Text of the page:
So, onto the reasons to read. The book really is a work of literary genius, and truly is an epic. I say this because of the intricate detail that has gone into creating this fictional world – as touched on earlier, Tolkien has spared no detail in writing the history of his world. Each character has been thoughtfully created with an entire story that dates back generations and interacts with the ancestors of other characters. You are reading the book feeling as though this world really could exist as it has been so painstakingly imagined in all fullness. In this way, it reminded me of Homer’s Iliad and Odyssey which I studied at school and University, so there was a pleasant sense of familiarity in reading it. Equally, I believe that it did make it easier for me to read and to follow. Typically, magical fantasy isn’t my favourite genre, but The Lord of the Rings had enough darkness, grit and intrigue to keep me entertained.
At its heart, The Lord of the Rings is the ultimate battle of good vs. evil; where love and friendship triumph over greed and malevolence. It sweeps you up in the fight for the free world so that, despite you having no real idea of what these creatures may look like or being unable to identify with them in many ways, you become invested in this fundamental cause – a struggle against despotism, led by the littlest of all underdogs. As with most of these kinds of tales, you know that ultimately goodness will prevail, but there are enough plot twists and turns, enough tension and enough intrigue woven into this saga that you never feel safe or certain of how it will end, and who will still be there when it does.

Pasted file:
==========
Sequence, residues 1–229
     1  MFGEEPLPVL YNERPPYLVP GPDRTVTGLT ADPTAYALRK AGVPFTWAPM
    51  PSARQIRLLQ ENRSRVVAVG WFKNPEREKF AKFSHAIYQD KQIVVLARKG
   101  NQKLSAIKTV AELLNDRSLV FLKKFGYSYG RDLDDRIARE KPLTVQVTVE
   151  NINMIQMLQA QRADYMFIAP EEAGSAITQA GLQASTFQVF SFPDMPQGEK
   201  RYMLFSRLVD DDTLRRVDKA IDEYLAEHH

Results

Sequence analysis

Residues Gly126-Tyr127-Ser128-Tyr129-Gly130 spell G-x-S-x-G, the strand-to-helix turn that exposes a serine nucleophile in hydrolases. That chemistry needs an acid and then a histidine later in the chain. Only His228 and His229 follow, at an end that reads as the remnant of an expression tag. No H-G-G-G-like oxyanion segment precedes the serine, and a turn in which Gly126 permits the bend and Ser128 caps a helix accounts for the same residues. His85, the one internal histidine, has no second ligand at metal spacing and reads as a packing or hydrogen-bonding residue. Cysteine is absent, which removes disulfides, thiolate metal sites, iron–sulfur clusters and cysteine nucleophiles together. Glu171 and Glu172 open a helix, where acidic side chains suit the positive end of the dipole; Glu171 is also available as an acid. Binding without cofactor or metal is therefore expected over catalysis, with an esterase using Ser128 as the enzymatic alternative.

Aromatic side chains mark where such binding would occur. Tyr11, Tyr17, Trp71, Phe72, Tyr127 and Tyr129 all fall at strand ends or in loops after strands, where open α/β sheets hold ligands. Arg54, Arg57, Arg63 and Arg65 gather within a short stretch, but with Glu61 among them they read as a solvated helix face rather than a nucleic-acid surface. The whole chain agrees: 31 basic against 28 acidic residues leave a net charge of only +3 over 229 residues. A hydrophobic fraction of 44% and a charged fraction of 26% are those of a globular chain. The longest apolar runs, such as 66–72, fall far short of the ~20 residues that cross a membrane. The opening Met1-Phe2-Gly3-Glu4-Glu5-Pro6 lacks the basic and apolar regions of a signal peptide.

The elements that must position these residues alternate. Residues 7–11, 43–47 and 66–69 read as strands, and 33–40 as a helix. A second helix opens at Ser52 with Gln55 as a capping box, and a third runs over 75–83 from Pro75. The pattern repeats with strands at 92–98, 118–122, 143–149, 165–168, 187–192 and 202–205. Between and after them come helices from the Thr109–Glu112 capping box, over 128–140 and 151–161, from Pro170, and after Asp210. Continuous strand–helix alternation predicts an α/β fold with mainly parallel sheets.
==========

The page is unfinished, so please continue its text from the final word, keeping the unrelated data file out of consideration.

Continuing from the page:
Tolkein is a conjurer in his story-telling; his attention to detail is second to none – his imagination is more than admirable. The creativity with which he writes his narrative and brings his characters to life is what makes this tale so enjoyable. Alongside this he is able to keep up a relatively good pace in the story telling so that the events unfold fast enough to maintain the momentum.